Popular Sterling coach dies

Bill Stoudt , who liked to challenge his players on the field and in the classroom, retired to Montana in 1993.
Bill Stoudt , who liked to challenge his players on the field and in the classroom, retired to Montana in 1993.

Bill Stoudt, 74, had a lasting impact on many of his players.

Posted: July 07, 2012

Bill Stoudt was so popular as an assistant football coach that after he retired from Sterling High School and moved to Montana, it wasn't unusual for his former players to make the long trek and visit him and his wife, Linda.

Three of his former players - Charlie Mitchell, Bill Masciulli, and Dave Paulson - traveled to Montana last month to be with him during his final days. Stoudt, 74, died after a short battle with leukemia.

He left hundreds of admirers.

"Bill Stoudt was a great man," said Mitchell, who played football for Stoudt and was by his side in his final hours. "I loved him like a father."

Stoudt was a little man with a gruff exterior and a fondness for wearing cowboy hats. He was an old-school coach who worked his players hard on the practice field, then cooked pancake breakfasts for them at his house. Long after he retired, when he heard one of his ex-players or former students was in a family or personal crisis, he was quick to send an e-mail and offer his support from Montana.

Stoudt, a Pottstown native who captained the football and basketball teams at Spring City High, was on head coach Jim Combs' staff, and they helped Sterling - in Somerdale, Camden County - put together one of the most dominating stretches in South Jersey history. The Silver Knights went 40-2-1 in a championship-filled four-season period (1974-77).

Combs, a South Jersey legend, died about 21 months ago at age 82.

"It's like a one-two punch in the rib cage," former Sterling player Mike Sheridan said about the two deaths.

Stoudt was fondly nicknamed "Wild Bill" because of his hard-driving personality. Sheridan recalled how his freshman team, which had Stoudt as one of its coaches, kept the players on the practice field - without lights - until 9 on the night after a humiliating defeat.

When Sheridan complained to his mother about the long practice, she didn't feel sorry for her son or his teammates.

"She told me, 'You shouldn't have lost,' " said Sheridan, 55, an assistant principal at Collingswood High School. "He had the parents brainwashed, too! Could you imagine that happening today?"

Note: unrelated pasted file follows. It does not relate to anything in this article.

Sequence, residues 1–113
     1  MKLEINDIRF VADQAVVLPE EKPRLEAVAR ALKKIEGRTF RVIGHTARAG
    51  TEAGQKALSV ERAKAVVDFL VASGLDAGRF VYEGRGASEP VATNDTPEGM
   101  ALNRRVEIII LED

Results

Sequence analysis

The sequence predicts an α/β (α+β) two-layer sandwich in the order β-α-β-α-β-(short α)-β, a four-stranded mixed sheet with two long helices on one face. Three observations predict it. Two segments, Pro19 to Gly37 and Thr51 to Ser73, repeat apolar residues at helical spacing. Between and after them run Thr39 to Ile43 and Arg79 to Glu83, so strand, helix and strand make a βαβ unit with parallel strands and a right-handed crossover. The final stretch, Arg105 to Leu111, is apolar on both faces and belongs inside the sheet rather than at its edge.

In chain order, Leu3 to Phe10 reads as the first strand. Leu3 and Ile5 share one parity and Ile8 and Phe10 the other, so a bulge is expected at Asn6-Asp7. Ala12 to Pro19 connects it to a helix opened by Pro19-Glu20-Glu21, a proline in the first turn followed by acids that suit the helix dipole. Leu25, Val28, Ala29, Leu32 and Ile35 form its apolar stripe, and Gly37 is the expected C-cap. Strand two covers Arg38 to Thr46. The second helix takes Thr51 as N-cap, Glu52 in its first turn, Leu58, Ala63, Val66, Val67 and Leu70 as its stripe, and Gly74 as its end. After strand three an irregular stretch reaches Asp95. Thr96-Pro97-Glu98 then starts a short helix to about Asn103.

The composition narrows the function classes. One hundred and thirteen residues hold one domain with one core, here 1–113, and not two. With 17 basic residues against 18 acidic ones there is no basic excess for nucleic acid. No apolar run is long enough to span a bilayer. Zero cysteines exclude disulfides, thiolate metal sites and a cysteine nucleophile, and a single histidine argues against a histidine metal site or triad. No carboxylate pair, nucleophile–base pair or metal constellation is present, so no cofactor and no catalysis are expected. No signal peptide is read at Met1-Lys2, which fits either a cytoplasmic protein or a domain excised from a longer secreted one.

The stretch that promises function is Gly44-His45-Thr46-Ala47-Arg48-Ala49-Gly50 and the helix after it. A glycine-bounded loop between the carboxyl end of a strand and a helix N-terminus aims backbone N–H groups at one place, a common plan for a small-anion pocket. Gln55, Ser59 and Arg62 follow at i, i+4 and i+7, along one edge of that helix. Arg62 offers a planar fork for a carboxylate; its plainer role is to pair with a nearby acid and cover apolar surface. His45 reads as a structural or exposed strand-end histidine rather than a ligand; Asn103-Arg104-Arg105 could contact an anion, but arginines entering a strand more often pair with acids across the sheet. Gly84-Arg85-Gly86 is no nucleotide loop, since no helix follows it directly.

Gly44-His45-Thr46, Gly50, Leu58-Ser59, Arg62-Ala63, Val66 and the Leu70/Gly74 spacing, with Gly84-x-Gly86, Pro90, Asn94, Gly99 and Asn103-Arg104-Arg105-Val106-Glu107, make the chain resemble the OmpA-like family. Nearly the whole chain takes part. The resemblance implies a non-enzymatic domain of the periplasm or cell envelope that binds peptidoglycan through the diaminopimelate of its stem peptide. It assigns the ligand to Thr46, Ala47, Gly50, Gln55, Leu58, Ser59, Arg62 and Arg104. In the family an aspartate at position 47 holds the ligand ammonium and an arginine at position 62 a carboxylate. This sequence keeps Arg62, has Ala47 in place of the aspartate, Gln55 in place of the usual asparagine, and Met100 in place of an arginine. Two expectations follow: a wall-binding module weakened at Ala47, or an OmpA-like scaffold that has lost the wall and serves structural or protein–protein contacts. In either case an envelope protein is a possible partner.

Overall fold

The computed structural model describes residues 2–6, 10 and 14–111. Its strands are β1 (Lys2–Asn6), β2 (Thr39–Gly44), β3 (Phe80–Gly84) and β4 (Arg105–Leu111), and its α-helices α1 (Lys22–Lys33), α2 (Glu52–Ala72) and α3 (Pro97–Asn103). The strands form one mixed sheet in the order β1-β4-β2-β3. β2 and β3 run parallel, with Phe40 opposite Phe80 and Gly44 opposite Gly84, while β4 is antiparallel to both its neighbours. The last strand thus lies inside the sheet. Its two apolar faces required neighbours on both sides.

Added Sheridan: "For all of us, he was a mentor and a father figure, unrelenting in his demand for excellence, and he had a lasting impact on all the students he taught."

"He used to have a saying - 'We love you, win or win,' " Masciulli said, smiling fondly at the memory.

Masciulli, 56, an investment adviser in Northfield, N.J., said Stoudt was "somewhat of a wild man with the stunts" he used - for instance, giving them extra drills if he didn't like the way they performed after a victory - as a football and wrestling coach.

"But he really pushed academics and culture on us as students," he said. "He was the first one to get us to the Philadelphia Art Museum. He took me to South Street and Little Italy in Philadelphia just to show what's out there. They're the type of things he did for lots of students."

Added Masciulli: "As hard as he was on us on the football field and in wrestling, you found out after you graduated that he would speak highly about things you accomplished to the next kids in school. He would rough you up when you were there - and then put you on a pedestal after you left and use you as an example."

Mitchell, 55, a retired Army lieutenant colonel who now resides in Dallas, said Stoudt was the hidden weapon behind Sterling's remarkable success.

"He kept kids in school by challenging them in the classroom to get the most out of themselves, and he was the same way" on the football field, said Mitchell, a general manager for an HVAC company. "He will live on through a lot of people. He would always say, 'Live life with no regrets.'. . . And that's what he did."

In 1993, after he retired and ended a 30-year career as a Spanish teacher, Stoudt and his wife moved from Camden to Stevensville, Mont., a small town near the Idaho border.

They lived simply. They raised dogs, a horse, guinea hens, and ducks - his wife cultivates six organic vegetable gardens - and resided in a log cabin, situated on a 10-acre plot that overlooks the Bitterroot Mountains. In Montana, Stoudt volunteered at the local library and taught English as a second language to children.

"He was always giving," Mitchell said.

Stoudt's former players have created a Sterling scholarship fund in his memory. Checks should be made to the Bill Stoudt Scholarship Fund and sent to P.O. Box 112, Stratford, N.J. 08084.

Contact Sam Carchidi

at scarchidi@phillynews.com,

or on Twitter @BroadStBull

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